Fri, 19 Apr 2019 13:58 - Updated Fri, 19 Apr 2019 13:58
Mali violence: PM and entire government resigns
The prime minister of Mali and his entire government have resigned, following an upsurge of violence in the country.
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On Wednesday, a motion of no confidence was submitted as MPs blamed Prime Minister Soumeylou Boubeye Maiga for failing to handle the unrest.
Last month, scores of herders were killed by a rival ethnic group.
President Ibrahim Boubacar Keita said in a statement that he accepted Mr Maiga and his ministers' resignation.
"A prime minister will be named very soon and a new government will be put in place after consultations with all political forces," the statement said.
Mali has been struggling to control violence since al-Qaeda-linked Islamist extremists gripped the desert north of the country in 2012.
Despite an ongoing military drive and a 2015 peace agreement, jihadists still dominate areas huge areas of the country, having migrated from the north to the more heavily populated centre of the country.
The government has come under increasing pressure over its inability to restore stability, particularly after the massacre of 160 Fulani herders in the Mopti region.
Armed with guns and machetes, the attackers appeared to be members of the Dogon ethnic group, which has a long history of tension with the nomadic Fulani people.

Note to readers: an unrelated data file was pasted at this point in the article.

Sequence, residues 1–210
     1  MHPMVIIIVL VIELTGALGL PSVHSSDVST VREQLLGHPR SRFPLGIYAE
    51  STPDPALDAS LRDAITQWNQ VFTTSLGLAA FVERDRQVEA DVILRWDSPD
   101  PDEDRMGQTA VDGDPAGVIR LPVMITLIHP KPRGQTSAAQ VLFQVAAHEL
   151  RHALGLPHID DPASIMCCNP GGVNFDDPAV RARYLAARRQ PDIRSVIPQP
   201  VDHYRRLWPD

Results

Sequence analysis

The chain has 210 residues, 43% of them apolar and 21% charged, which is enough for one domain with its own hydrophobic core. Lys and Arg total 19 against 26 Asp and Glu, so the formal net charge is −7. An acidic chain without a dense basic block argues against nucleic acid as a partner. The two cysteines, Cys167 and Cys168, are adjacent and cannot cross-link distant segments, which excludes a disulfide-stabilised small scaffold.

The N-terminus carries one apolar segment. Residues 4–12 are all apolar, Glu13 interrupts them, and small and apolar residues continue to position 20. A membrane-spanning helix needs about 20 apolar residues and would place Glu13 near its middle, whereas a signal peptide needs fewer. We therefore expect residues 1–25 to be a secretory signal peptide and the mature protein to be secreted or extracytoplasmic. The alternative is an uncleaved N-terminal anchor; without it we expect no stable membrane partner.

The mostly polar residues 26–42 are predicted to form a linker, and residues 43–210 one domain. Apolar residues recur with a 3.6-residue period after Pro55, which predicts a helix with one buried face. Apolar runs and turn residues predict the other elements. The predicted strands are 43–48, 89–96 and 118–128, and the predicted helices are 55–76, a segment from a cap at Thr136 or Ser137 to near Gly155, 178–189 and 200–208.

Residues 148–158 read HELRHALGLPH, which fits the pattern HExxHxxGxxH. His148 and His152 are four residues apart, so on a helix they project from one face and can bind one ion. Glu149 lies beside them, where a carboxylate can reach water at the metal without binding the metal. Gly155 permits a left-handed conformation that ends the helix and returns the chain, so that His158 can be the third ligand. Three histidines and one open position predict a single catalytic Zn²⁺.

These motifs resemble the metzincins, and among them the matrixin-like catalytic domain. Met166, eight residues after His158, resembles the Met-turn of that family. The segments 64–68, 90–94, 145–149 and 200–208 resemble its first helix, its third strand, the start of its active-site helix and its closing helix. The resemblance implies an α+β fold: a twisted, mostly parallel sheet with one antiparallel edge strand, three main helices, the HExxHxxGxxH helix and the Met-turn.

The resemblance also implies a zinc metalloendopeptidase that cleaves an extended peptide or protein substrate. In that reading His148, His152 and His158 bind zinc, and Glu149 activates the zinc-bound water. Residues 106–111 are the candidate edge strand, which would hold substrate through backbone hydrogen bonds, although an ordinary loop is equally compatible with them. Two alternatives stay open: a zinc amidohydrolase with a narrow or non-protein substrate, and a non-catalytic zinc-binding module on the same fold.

The country was shocked by the killings and tens of thousands of people protested on the streets of the capital Bamako on April 5.
The president said in a televised address on Tuesday that he had "heard the anger".
- 24/03/2019 09:57:31
More than 100 people have been killed in an attack on a village in central Mali by armed men wearing traditional Dogon hunters' clothing, reports say.
- 24/11/2018 13:54:59
BAMAKO (Reuters) - Mali’s army said on Saturday it had confirmed the death of Amadou Koufa, one of the most prominent jihadist leaders in the country, in a raid by French forces on Thursday night.
- 29/07/2018 13:46:47
BAMAKO (Reuters) - Malians began voting on Sunday to decide whether or not to give President Ibrahim Boubacar Keita a second term, despite widespread ethnic and jihadist violence that has dramatically worsened since he came to power five years ago.